Virtual Reality in the Arts

Lindenwood Integrates New Technology to Expand Creativity

Lindenwood students will use Virtual Reality this spring to hold Art History classes at sites around the world like the Pyramids of Giza and the Colosseum.

Lindenwood University has fully integrated virtual reality technologies into classes in the Division of Art and Design. All students taking Art History and Visual Culture courses will supplement their understanding of art and historical monuments around the world with virtual reality experiences, whether on campus in the Media and Gaming Lab, Makerspace, or in their own homes.

Through applications like Wander, students will meet with instructors at sites around the world to hold virtual class “on location” around the world. Art and Design students will begin using virtual reality applications to design and create art, and then export for exhibition.

Lindenwood faculty will also start learning how to integrate immersive reality experiences in their courses from business to the sciences.

Google paved the way with the launch of its much-hyped Tilt Brush for the HTC Vive headset in 2015. But beyond the novelty of painting into thin air, Facebook's Quill was created to propel illustration filmmaking. Now Oculus has tapped into character art with its VR 3D modeling experience. Lindenwood has added Oculus Rift headsets to its digital arts program for painting, 3D modeling and sculpting in Virtual Reality.

Starting this fall, all students in the division will have the Oculus Quest 2 Virtual Reality headsets, released last October, to use for their own coursework, learning, artwork, and exploration, either in the classroom or at home. 

"The potential benefits of integrating immersive realities into higher education have been touted over the last two decades, but budgetary and technical constraints of implementation have limited its adoption,” explains James Hutson, Ph.D., Assistant Dean of Online and Graduate Programs in the School of Arts, Media, and Communications. “However, recent advances in technology, along with a lower-price point for hardware and more friendly user interfaces has opened a path for 2021 to see the widescale adoption of the technology. In fact, by 2021, 60% of U.S.-based higher education institutions will intentionally use VR to create an enhanced simulation and learning environment."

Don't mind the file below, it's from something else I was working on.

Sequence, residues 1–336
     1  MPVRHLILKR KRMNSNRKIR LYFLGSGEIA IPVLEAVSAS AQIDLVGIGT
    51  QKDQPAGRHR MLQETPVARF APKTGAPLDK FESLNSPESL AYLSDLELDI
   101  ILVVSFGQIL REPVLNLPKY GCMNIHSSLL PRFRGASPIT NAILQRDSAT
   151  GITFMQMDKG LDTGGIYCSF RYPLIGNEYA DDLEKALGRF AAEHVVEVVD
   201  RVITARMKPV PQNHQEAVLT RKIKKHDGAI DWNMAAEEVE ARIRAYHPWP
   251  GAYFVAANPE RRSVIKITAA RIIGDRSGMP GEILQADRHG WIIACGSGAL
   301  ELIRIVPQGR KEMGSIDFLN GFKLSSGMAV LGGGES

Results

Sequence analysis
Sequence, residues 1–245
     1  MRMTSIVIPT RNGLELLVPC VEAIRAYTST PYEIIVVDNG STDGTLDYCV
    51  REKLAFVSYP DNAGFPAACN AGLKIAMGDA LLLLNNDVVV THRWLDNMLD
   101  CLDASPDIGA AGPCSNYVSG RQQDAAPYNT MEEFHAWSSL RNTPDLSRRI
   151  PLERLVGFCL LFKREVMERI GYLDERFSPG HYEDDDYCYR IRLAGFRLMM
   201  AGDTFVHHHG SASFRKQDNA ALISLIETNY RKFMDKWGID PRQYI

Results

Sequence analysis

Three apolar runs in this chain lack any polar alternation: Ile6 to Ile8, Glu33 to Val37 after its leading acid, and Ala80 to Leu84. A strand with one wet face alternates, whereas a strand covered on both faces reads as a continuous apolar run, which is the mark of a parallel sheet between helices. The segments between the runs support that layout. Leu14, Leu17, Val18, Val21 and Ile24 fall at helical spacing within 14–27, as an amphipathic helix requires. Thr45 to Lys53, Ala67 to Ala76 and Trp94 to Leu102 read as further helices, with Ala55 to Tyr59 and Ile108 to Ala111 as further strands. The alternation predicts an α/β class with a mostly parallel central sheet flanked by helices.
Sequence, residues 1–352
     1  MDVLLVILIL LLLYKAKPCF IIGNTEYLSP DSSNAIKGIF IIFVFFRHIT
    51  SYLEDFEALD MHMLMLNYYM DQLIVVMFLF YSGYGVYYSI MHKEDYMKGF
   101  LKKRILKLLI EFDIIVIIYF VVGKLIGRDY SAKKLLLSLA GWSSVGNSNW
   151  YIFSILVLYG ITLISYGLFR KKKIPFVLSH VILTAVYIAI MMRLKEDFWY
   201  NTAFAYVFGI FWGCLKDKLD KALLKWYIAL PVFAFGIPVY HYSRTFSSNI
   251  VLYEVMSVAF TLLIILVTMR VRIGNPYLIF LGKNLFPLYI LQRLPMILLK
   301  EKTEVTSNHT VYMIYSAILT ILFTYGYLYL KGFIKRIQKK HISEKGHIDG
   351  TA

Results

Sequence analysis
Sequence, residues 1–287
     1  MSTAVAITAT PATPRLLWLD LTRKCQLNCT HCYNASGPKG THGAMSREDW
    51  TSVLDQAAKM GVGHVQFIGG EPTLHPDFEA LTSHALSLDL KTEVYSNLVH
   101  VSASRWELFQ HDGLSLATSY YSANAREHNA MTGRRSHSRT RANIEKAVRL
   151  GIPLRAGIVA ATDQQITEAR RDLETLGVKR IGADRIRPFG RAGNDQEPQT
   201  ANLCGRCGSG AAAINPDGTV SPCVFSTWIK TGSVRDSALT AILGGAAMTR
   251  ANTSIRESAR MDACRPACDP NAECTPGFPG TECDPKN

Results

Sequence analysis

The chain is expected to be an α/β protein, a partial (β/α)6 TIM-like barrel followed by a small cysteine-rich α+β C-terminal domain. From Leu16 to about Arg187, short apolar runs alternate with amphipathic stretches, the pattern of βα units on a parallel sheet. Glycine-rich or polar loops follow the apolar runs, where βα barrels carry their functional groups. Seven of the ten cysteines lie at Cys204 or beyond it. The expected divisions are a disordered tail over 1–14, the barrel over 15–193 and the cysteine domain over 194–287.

Lindenwood University has supported VR technology through the VR Lab, Media and Gaming Lab and the Makerspace for the past several years. Dr. Hutson says that with the release of the new Oculus Quest 2, the University is now able to expand that to all students. The built-in wireless functionality of the new unit renders the need for an additional laptop or desktop unnecessary, making it ideal for home use. 

“Students across the School of Arts, Media, and Communications will each have their own headset to engage with course content, travel virtually to locations discussed in classes and join their classmates, and network across the globe. While the world got smaller during the pandemic with face-to-face interaction limited both in and out of the classroom, this is the ideal time to expand the world of our students and faculty and provide them with real global and immersive experiences."

This VR technology will also be used by Lindenwood in its community outreach & engagement efforts. Expanding on the virtual exhibitions that were held last spring in the Boyle Family Gallery, those exhibitions can now be filmed using a VR camera and uploaded for viewing by the worldwide arts community.

The content will expand Fall 2021 and Spring 2022 with the filming of performances in the J. Scheidegger Center for the Arts. Additional educational applications will be created starting Fall 2023 as new expertise in the field of immersive realities develops.   

“Students across the School of Arts, Media, and Communications will each have their own headset to engage with course content, travel virtually to locations discussed in classes and join their classmates, and network across the globe."

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